Plus One review: an old-school romcom, for better, for worse

Singletons Jack Quaid and Alice Erskine team up to be each other’s wedding dates in a run-of-the-mill romantic comedy that offers only the most predictable of pleasures.

Violet Lucca

Plus One (2019)

In one of his many withering appraisals of mid-1950s English theatre, Kenneth Tynan identified the ‘Loamshire play’, a genre defined by country houses and sporty mums that focused on “a social class derived partly from romantic novels and partly from the playwright’s vision of the leisured life he will lead after the play is a success”. Jeff Chan and Andrew Rhymer’s Plus One appears to be set in Loamshire’s contemporary Californian equivalent, where wedding season is the flashy gauntlet that wealthy people in their thirties must run. And, just as in an original Loamshire play, the protagonists triumph over the low stakes to become happy (or at least happier) at the end.

Ben (Jack Quaid) and Alice (Maya Erskine) are both single and burdened with many equally wealthy friends, so the string of nuptials they’re obligated to attend over the summer conjures key existential questions about life and the nature of love; mired in the tedium of best-man speeches and floral arrangements, they can only distract from their excruciating loneliness by overindulging in open bars. In order to shield themselves from the awfulness of celebrating someone else’s relationship and fend off enquiries about who they’re dating, they start attending weddings together. One magical evening, they cross the line into romance, and uptight Ben gives in to bold Alice’s gleeful crassness.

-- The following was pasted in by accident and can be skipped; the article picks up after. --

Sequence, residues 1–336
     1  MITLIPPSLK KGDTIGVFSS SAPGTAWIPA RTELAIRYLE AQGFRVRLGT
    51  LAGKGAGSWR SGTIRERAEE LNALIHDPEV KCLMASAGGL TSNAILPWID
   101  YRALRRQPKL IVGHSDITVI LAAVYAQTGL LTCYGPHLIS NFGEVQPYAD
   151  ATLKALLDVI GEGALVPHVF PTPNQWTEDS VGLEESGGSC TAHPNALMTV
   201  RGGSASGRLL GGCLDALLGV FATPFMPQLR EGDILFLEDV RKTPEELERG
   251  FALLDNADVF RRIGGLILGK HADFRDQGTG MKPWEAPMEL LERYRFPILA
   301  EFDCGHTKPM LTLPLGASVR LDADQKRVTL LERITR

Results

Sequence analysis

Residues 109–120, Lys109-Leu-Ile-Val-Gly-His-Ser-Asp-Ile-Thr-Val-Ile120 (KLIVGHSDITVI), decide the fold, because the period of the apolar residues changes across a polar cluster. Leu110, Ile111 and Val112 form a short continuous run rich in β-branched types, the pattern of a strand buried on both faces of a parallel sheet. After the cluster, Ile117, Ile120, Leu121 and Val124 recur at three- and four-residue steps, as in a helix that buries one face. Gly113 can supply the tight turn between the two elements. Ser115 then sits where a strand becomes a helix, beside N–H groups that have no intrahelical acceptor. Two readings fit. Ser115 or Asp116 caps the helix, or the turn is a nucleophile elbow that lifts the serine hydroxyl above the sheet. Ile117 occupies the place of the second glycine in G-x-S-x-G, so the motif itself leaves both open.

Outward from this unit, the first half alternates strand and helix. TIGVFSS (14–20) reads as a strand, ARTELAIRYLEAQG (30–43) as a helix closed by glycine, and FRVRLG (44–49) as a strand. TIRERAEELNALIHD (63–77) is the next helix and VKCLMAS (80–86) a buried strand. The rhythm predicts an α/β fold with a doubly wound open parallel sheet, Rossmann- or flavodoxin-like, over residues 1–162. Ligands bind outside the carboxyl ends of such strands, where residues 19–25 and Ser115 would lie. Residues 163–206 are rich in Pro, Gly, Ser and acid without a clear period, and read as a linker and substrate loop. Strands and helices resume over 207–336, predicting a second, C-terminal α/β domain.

The difficulties that these two opposites face once they’ve attracted are negligible, and almost resolved as soon as they’ve started. Still, Plus One should be satisfying for those who miss the heyday of 1990s romcoms. Just don’t expect any major epiphanies – this is loam country, after all.

 

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